Under the terms of the agreement, viewers using Cox’ digital cable services, and equipped for VOD, wil get free on-demand access to first run TV series and programming including hits like Lost and Desperate Housewives (and sports content from ESPN). Programs will premier on-demand 12 hrs after their regularly scheduled broadcast.
Advertising will be added to the programs for on-demand broadcasts. At least one 15 second commercial slot per episode will be allocated for Cox to use in the promotion of their products and services. Other ad slots will be allocated to Disney-ABC-ESPN or their local affiliates for resale. The ads will also test a geographic targeting system that delivers region, or even zip-code, specific advertising.
One of the key components of the deal is a promise by Cox to disallow fast-forwarding through commercials by means of integrated digital-cable features during the broadcast. Cox can’t, or won’t, however, attempt to disable fast-forwarding features on the DVR’s (Digital Video Recorders) its customers lease from them. As a result, should a customer record an on-demand broadcast for later viewing (or any kind of time-deferred viewing), there’d be no recourse to prevent ad-skipping.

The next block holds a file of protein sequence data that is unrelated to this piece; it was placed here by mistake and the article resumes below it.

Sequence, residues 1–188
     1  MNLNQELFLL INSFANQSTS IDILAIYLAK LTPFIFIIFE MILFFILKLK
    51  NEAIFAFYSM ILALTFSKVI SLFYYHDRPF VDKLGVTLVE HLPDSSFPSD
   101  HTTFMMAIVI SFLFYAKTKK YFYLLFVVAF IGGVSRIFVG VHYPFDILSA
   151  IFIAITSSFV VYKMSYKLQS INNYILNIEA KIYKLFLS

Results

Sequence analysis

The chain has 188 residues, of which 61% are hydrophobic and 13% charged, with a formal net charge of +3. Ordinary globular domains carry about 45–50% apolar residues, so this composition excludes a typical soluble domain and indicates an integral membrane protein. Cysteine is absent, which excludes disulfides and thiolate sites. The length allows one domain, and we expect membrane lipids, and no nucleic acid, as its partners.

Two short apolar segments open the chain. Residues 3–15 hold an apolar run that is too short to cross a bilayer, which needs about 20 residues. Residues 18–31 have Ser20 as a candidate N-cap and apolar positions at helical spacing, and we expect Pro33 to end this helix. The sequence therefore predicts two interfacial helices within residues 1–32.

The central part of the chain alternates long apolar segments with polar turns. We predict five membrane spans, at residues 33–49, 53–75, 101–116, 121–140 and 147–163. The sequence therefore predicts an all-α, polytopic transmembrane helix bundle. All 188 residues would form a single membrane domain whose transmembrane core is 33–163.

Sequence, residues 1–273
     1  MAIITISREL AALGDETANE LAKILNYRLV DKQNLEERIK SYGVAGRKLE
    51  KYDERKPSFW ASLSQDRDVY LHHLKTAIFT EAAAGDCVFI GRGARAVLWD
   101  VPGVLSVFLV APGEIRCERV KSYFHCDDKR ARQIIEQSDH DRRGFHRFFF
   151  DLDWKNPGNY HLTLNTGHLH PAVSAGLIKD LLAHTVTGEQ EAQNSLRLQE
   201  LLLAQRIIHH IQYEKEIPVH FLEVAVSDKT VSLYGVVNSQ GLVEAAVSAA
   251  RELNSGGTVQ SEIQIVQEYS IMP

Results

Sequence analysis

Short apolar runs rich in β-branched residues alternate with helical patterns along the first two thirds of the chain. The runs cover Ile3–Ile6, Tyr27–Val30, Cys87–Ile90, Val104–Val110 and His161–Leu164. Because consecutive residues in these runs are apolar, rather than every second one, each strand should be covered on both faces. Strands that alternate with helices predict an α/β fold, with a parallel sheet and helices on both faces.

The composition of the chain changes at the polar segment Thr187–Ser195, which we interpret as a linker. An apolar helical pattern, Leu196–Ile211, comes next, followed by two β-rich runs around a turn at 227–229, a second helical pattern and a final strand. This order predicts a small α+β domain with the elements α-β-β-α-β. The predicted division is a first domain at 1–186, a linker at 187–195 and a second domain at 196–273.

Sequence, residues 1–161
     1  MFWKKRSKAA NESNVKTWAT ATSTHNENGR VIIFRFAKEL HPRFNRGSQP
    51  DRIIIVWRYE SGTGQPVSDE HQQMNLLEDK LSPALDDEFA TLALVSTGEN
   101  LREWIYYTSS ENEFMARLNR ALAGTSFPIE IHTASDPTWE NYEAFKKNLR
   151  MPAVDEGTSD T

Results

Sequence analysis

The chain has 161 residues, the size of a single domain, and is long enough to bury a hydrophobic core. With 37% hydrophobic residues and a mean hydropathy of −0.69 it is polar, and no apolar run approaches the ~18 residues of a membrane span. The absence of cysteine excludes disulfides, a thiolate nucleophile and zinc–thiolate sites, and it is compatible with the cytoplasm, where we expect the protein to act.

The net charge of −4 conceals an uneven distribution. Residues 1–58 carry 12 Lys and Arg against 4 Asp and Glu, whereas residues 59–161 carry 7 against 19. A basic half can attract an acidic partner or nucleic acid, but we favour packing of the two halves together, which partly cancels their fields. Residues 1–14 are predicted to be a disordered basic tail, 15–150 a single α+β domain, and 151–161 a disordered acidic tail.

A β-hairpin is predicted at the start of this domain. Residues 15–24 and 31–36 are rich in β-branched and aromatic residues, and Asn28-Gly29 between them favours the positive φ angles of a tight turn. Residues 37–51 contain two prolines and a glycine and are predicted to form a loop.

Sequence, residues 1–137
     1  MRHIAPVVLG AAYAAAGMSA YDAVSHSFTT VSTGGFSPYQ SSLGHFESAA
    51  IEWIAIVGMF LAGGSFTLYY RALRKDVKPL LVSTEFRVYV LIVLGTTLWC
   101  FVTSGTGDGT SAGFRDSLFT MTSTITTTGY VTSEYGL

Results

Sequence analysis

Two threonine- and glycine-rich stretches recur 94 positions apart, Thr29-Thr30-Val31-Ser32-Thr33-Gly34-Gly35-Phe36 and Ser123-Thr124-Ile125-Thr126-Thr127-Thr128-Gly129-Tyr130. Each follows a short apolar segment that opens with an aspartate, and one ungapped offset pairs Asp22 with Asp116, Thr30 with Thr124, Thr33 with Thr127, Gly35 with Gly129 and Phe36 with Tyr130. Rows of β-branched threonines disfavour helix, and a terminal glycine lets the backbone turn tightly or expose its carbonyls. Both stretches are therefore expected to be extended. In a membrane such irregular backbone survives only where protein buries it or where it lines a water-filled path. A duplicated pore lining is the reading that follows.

With approximately 20% of Television owning households in the United States owning a DVR and able to record, or watch, programming at times that suit their schedules already, the impact of the partnership will likely be limited from the start. Still, it’s a notable, even if only as a small adjunct distribution channel, to test market a new concept and experiment with means of mitigating the threat posed to the networks from changes to TV distribution technologies. It’s also not a bad effort to capture more of the $3.9b market that is estimated to exist for VOD by 2010.